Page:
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    Would the information requirements described above be considered administrative/management data? Do these items require DIDs & CDRLs?


    Answer

    First, let's define what DIDs and CDRLs are.

    A
    Data Item Description (DID) is a completed document that defines the data required of a contractor. The document specifically defines the data content, format, and intended use with a primary objective of achieving standardization objectives by the DOD. 

    A contract data requirements list (CDRL) is a list of authorized data requirements for a specific procurement that forms a part of the contract. In essence, CDRLs identify what products are to be formally delivered to the government by a contractor, as well as when they are to be delivered. It consists of either a single DD form 1423-1 or a series of individual CDRL forms containing data requirements and delivery information. The CDRL is the standard format for identifying potential data requirements in a solicitation, and deliverable data requirements in a contract. The purpose of the CDRL is to provide a standardized method of clearly and unambiguously delineating the government's minimum essential data needs. The CDRL groups all of the data requirements in a single place rather than having them scattered throughout the solicitation or contract. Subpart 215.470 of the DFARS document requires the use of the CDRL in solicitations when the contract will require delivery of data. The DOD requires estimates of the prices of data in order to evaluate the cost to the Government of data items in terms of their management, product, or engineering value. However, it does not say exactly what data is to be required.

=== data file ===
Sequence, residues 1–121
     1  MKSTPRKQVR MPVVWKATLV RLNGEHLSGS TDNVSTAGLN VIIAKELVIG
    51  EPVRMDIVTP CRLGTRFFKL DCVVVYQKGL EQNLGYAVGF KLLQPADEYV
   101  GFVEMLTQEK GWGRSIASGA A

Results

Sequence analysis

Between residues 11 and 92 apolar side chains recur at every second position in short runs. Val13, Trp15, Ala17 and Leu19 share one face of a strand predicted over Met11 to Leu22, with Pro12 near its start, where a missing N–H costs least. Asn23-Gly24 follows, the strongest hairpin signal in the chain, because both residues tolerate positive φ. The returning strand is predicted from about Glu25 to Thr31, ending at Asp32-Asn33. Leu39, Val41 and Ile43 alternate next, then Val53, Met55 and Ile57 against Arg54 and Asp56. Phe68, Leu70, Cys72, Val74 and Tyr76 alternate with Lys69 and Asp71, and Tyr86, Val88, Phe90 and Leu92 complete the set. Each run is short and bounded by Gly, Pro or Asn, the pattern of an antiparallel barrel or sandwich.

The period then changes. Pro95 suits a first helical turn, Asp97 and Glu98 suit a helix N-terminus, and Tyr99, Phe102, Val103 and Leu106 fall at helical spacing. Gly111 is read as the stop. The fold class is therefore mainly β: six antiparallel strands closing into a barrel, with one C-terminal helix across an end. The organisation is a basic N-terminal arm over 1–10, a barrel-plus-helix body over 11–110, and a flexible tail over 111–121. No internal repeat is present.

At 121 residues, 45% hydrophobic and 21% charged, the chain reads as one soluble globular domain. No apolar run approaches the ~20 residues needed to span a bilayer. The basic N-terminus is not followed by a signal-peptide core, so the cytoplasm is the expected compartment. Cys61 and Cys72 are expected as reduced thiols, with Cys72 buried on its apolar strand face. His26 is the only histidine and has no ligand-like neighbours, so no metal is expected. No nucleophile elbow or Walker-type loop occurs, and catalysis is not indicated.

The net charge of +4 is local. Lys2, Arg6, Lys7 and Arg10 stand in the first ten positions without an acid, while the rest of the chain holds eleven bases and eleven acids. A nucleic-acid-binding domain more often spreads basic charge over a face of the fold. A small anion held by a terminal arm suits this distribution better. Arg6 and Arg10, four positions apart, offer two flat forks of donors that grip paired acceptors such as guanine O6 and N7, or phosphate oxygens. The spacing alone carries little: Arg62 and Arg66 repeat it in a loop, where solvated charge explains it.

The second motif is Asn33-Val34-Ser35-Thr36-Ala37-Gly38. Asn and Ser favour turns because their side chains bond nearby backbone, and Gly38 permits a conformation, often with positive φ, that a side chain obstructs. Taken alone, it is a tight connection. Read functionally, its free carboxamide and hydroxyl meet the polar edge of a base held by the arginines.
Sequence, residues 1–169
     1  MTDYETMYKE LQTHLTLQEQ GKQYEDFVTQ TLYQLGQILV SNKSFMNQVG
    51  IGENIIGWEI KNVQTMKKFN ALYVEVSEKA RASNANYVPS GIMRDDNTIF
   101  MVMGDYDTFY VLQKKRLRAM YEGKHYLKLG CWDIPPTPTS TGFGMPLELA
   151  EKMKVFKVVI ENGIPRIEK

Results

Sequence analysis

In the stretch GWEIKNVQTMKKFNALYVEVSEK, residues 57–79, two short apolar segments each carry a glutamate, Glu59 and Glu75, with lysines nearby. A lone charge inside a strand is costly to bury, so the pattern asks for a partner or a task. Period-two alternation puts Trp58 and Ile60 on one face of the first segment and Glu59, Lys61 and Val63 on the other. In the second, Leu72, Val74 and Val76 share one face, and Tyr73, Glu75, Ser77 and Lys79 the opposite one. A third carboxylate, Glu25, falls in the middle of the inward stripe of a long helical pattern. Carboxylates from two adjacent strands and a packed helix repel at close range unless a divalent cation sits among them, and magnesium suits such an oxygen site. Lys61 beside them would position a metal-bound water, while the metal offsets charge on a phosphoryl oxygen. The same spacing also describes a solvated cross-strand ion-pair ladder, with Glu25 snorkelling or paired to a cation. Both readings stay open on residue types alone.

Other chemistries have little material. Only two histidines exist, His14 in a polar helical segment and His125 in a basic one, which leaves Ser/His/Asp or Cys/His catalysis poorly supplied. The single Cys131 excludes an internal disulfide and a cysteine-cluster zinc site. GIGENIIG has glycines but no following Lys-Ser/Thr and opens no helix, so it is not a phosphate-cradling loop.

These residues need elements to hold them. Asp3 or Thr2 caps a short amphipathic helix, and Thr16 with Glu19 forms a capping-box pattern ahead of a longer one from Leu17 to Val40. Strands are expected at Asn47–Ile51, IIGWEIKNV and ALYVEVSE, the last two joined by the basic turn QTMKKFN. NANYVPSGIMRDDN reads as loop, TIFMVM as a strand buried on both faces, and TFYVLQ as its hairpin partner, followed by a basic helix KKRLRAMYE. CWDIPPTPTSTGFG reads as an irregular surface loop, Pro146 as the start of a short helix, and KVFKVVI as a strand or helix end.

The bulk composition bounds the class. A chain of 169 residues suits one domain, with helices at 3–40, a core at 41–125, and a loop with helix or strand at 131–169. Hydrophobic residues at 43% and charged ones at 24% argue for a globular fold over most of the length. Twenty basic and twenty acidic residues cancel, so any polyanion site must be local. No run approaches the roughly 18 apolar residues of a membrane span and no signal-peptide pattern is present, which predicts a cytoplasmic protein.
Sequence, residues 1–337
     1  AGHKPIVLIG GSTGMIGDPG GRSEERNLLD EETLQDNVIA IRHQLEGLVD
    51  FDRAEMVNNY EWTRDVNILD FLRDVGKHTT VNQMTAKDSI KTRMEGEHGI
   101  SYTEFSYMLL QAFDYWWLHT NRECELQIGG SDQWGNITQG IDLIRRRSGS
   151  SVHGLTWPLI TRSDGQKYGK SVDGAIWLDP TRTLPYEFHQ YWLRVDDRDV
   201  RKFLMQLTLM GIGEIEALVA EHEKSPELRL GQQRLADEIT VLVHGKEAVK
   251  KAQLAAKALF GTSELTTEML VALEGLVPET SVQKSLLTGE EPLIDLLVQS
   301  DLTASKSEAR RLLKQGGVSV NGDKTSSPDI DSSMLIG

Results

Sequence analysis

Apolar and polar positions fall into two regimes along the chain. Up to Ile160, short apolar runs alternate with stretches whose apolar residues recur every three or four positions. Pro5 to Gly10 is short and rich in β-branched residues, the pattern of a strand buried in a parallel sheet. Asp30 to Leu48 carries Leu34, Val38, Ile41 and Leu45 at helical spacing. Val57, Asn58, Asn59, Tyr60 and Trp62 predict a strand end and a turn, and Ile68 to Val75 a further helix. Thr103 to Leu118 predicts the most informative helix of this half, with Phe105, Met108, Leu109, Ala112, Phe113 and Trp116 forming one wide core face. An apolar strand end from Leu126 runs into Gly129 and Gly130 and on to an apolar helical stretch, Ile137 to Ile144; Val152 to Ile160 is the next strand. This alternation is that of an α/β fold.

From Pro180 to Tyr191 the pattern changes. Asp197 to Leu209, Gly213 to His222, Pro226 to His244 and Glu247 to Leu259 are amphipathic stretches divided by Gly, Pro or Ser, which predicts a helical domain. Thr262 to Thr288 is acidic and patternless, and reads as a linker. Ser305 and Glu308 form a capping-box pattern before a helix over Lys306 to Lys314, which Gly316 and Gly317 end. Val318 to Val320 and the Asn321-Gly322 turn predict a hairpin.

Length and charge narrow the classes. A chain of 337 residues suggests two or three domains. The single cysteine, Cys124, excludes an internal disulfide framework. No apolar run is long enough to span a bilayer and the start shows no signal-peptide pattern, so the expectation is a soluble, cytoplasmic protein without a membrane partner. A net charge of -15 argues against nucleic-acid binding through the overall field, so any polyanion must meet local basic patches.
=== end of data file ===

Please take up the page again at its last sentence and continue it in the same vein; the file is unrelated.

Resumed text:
So the answer is it depends on what data you are requiring of the contractor. Depending on whether you are procuring supplies, services, or construction, there is often a need for contractor data (reports, tests, etc.) that need not to be listed separately as CDRLs and/or DIDs. For example, in construction and Architect Engineering procurements there are often scores of information that a contractor needs to provide that are spelled out in the contract documents and do not require a DIDs or a CDRLs.
     
    Source Wikipedia and DFARS



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